So where a set of tuners is usually all the same gear ratio, commonly 12:1, 15:1 or 18:1, Graphtech Ration tuners are all different. The first string (E) is 12:1, and the second string (B) is 20:1. My wound third (G) has a 14:1 ratio. If it had been a plain third, the set would have used a 35:1 ratio for this tuner – great for fine-tuning the troublesome plain steel third string. The remaining tuners are 20:1, 24:1, and 39:1 – which makes tuning that low E a lot easier. They even make a 7-string set with a 48:1 tuner for the low B string.

Contacting Pango

I reported the incorrect and defective parts to Pango and received a response the same day stating four gold knobs and one tuner would be sent out to me right away. When the second tuner failed, I contacted them again. This time I was told I would receive four gold knobs and two tuners.

A month after I first reported the problem, Pango had not yet shipped anything!

A week later (almost 5 weeks after being told parts would be sent right away), still nothing had shipped. I was told they would go out in three days. Sure enough, three days later I was sent a tracking number. I followed it, and nothing happened for nearly another week. Then it showed they had shipped. Two and a half weeks later, the parts arrived.

Original fake Grover tuners, and the replacement tuners I received

But they were wrong. Pango had sent the correct gold knobs, but the two tuning machines were not the same as the “Grover” knockoff tuners that came with the kit. They did not even install the same way – the fake Grovers had 90-degree mounting flanges. These were 45-degrees. So I again contacted Pango, and Ann apologized and said the correct tuners will be sent and I will receive a tracking number “soon.”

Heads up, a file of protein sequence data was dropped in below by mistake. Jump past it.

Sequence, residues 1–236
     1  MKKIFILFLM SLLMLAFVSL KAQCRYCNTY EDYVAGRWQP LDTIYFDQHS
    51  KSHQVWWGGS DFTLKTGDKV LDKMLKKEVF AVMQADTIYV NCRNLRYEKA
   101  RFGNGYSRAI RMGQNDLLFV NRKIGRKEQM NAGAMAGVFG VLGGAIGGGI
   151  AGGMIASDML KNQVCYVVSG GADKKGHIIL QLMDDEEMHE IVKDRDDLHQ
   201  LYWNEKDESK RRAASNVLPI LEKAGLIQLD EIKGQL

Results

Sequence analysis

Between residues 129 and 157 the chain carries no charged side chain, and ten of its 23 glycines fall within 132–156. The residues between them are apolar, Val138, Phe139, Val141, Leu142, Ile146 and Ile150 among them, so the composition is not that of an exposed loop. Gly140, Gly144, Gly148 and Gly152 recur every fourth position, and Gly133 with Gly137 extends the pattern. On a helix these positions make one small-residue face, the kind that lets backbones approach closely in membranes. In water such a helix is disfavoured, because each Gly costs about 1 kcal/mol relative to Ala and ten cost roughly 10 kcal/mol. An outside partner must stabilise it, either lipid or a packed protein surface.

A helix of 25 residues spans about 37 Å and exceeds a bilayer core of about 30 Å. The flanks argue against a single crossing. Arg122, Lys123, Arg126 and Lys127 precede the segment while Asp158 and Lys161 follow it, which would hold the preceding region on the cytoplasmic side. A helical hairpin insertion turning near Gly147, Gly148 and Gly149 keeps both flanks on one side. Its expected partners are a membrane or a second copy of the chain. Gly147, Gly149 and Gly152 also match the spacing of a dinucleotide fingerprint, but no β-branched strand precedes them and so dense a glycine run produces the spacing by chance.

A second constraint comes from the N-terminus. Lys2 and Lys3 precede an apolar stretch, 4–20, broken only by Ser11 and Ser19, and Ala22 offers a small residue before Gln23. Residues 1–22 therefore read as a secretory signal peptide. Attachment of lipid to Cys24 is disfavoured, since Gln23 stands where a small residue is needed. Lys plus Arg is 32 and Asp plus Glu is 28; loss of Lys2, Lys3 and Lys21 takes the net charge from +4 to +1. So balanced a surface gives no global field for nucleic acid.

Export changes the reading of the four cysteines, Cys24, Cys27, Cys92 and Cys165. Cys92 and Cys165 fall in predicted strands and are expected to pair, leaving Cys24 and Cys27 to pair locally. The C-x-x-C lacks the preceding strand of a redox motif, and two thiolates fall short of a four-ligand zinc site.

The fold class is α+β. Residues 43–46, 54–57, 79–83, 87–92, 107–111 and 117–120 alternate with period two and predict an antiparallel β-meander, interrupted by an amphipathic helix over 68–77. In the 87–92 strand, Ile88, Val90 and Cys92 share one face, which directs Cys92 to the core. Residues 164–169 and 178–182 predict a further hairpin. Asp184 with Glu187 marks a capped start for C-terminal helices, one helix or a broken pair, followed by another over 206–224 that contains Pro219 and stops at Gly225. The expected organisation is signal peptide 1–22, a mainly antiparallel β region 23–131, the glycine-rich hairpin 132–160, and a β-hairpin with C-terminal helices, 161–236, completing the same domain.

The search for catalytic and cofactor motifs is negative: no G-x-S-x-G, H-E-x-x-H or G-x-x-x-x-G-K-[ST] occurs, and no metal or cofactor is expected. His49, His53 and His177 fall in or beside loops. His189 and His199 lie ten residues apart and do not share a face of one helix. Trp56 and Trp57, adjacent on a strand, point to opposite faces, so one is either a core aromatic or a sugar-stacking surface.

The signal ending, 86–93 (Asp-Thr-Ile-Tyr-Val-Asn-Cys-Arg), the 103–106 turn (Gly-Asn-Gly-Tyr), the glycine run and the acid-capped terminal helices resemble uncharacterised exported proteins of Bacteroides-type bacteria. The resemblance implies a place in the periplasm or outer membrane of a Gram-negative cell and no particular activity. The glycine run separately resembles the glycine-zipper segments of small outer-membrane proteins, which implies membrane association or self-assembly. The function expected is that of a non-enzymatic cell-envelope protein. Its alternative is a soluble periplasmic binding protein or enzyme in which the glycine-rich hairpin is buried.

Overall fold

Ten days later, I was told they had not yet shipped but would ship “soon” and I would receive a tracking number. This time, I suggested that instead of shipping them they could just refund $22 to my PayPal account and I would buy a set of 6 matching inexpensive tuners. I even sent them the link where the tuners would be purchased. That would end the problem. I thought shipping their parts from China would be more expensive than the $22 replacements. I guess not; I guess these fake Grovers must be really cheap.

Now, as far as Pango knows, I cannot complete the kit. I have not mentioned that I already forked out a lot of money for high-quality tuners. Really, I just want these so that I have six matching tuners that I can use on something else that isn’t as important to me as this ES-335 in which I have invested a lot of time and effort.

Instead, I was told a tracking number for my replacement two tuners would be sent “soon.” Another ten days passed, still not shipped, still no tracking number. That is when, largely out of frustration on my part, I decided to get PayPal involved. PayPal had been my original payment method, and the only one that Pango would accept.

The PayPal Case

I opened a case – not a claim – with PayPal and included a full timeline of what had happened. It had been four months since I first received the kit, and Pango had not yet been able to provide me with six tuners that match. I stated that the $22 refund would resolve the issue.